• wars and rumors of wars (Matthew 24:6)—We know of wars and rumors of wars in the first century from general history, including from period historian Tacitus. Tacitus said of the period, “It was full of calamities, horrible with battles, rent with seditions, savage in peace itself.”
  • famines (Matthew 24:7)Four famines occurred during the reign of the Emperor Claudius (AD 41-54). One of them was recorded in Acts 11:28.
  • earthquakes (Matthew 24:7)—Notableearthquakes occurred during the reigns of Caligula and Claudius (AD 37-54). See also Matthew 27:54; Matthew 28:2, and Acts 16:26.
  • persecution of Christ’s disciples (Matthew 24:9)—This is a well-documented fact in the Bible (Acts 4:3; Acts 4:17; Acts 5:40; Acts 7:54-60; Acts 8:1; Acts 9:1; Acts 11:19; Acts 12:1-3; Acts 14:19; 2 Corinthians 11:24-26; Revelation 1:9) as well as general history (Josephus, Tacitus, etc.).
  • flee to the mountains (Matthew 24:16)—According to the early church historian Eusebius, the Christians did in fact flee Jerusalem during the Jewish-Roman War. History does not record any Christians having perished in the siege of Jerusalem. So those who followed Jesus’ instructions and fled were saved from the slaughter (Matthew 24:13). This passage, by the way, further confirms that the tribulation was to be a regional event rather than global. It makes little sense if this prescribed way of escaping the tribulation given by Jesus was an instruction for us 2,000 years later.
  • false prophets (Matthew 24:24)—Josephus mentions many false prophets and false messiahs. See also Acts 5:36-37; Acts 13:6; Acts 20:29-30; 2 Corinthians 11:13; 1 Timothy 4:1 (note reference to the “latter times”); 2 Timothy 2:16-18; 2 Timothy 3:13; 2 Peter 2:1-3; 1 John 2:18-19; 1 John 4:1; 2 John 1:7.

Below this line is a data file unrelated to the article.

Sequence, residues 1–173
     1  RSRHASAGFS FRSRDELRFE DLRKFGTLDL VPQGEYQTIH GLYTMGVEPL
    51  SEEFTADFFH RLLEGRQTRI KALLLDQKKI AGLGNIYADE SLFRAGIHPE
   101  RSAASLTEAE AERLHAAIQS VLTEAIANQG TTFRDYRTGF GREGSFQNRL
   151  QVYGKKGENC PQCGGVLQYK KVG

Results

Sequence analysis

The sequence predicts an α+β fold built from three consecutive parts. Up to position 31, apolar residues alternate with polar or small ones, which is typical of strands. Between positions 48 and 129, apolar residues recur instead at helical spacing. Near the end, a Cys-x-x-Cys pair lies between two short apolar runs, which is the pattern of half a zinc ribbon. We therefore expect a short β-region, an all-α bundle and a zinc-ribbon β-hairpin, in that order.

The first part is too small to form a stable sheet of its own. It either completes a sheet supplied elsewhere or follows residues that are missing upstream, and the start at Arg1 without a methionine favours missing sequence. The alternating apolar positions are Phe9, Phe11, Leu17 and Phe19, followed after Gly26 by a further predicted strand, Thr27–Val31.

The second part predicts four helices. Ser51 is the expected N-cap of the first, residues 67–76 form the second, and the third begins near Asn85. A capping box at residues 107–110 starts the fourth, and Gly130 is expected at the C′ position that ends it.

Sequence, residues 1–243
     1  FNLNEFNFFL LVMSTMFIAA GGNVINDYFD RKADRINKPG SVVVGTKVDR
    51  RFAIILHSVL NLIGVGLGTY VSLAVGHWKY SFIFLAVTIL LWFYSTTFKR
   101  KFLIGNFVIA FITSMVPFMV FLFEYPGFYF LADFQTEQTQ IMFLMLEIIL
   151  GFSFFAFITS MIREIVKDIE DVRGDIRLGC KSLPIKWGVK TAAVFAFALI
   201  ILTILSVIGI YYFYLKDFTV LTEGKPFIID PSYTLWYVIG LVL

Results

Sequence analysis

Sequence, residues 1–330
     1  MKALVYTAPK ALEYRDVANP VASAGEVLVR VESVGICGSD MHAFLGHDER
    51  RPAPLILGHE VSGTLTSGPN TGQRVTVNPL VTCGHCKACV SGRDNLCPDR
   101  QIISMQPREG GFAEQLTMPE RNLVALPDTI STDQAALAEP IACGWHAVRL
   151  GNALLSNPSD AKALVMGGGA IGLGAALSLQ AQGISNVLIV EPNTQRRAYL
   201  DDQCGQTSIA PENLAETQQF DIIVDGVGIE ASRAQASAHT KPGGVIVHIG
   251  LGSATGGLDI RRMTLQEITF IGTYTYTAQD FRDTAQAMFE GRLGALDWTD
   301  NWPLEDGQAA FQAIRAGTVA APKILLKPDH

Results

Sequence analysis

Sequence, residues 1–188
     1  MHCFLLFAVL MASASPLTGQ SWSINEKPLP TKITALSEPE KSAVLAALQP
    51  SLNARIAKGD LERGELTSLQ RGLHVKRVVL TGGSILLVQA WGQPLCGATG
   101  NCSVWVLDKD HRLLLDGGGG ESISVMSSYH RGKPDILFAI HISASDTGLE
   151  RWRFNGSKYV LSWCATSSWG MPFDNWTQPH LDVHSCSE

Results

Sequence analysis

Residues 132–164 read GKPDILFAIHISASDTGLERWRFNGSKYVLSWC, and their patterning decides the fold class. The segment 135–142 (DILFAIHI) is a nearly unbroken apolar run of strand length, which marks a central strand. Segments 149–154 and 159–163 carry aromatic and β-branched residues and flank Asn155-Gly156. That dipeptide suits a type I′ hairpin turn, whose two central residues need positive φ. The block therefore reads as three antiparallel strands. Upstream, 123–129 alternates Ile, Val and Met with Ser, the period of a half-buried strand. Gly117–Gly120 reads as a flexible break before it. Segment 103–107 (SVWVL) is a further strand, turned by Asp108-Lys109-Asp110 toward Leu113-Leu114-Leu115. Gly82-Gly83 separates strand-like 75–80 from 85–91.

• astronomical signs (Matthew 24:29)—In this verse we see the sun and moon being darkened, the stars falling, and the heavens being shaken. It is difficult for many people to get over the idea that this language is not about the end of the physical universe. The Old Testament often uses symbolic language about literal events. At least some of such passages are widely acknowledged as having already been fulfilled (Isaiah 13:9-13; Isaiah 34:4-6; Isaiah 51:5-6; Jeremiah 4:1-28; Jeremiah 15:9; Ezekiel 32:7-8; Joel 2:1-10; Joel 3:15-16; Amos 8:9; etc.). But indeed, literal astronomical signs were reported by various historians in AD 66-70, including Josephus. Nevertheless, this was familiar language to those to whom Jesus was speaking and they would have understood Him to be speaking about national judgment rather than the end of the universe. Note specifically Acts 2:15-21 where Peter quotes, as you will recall, astronomical language of the prophet Joel. Peter placed the fulfillment of that prophecy in his own day.


See also these short articles by Don Preston:

Part One:

Part Two:

Part Three:

Part Four:



[1] Gary DeMar, Last Days Madness: Obsession of the Modern Church (Powder Springs, Georgia: American Vision), Fourth revised edition 1999, chapter 6.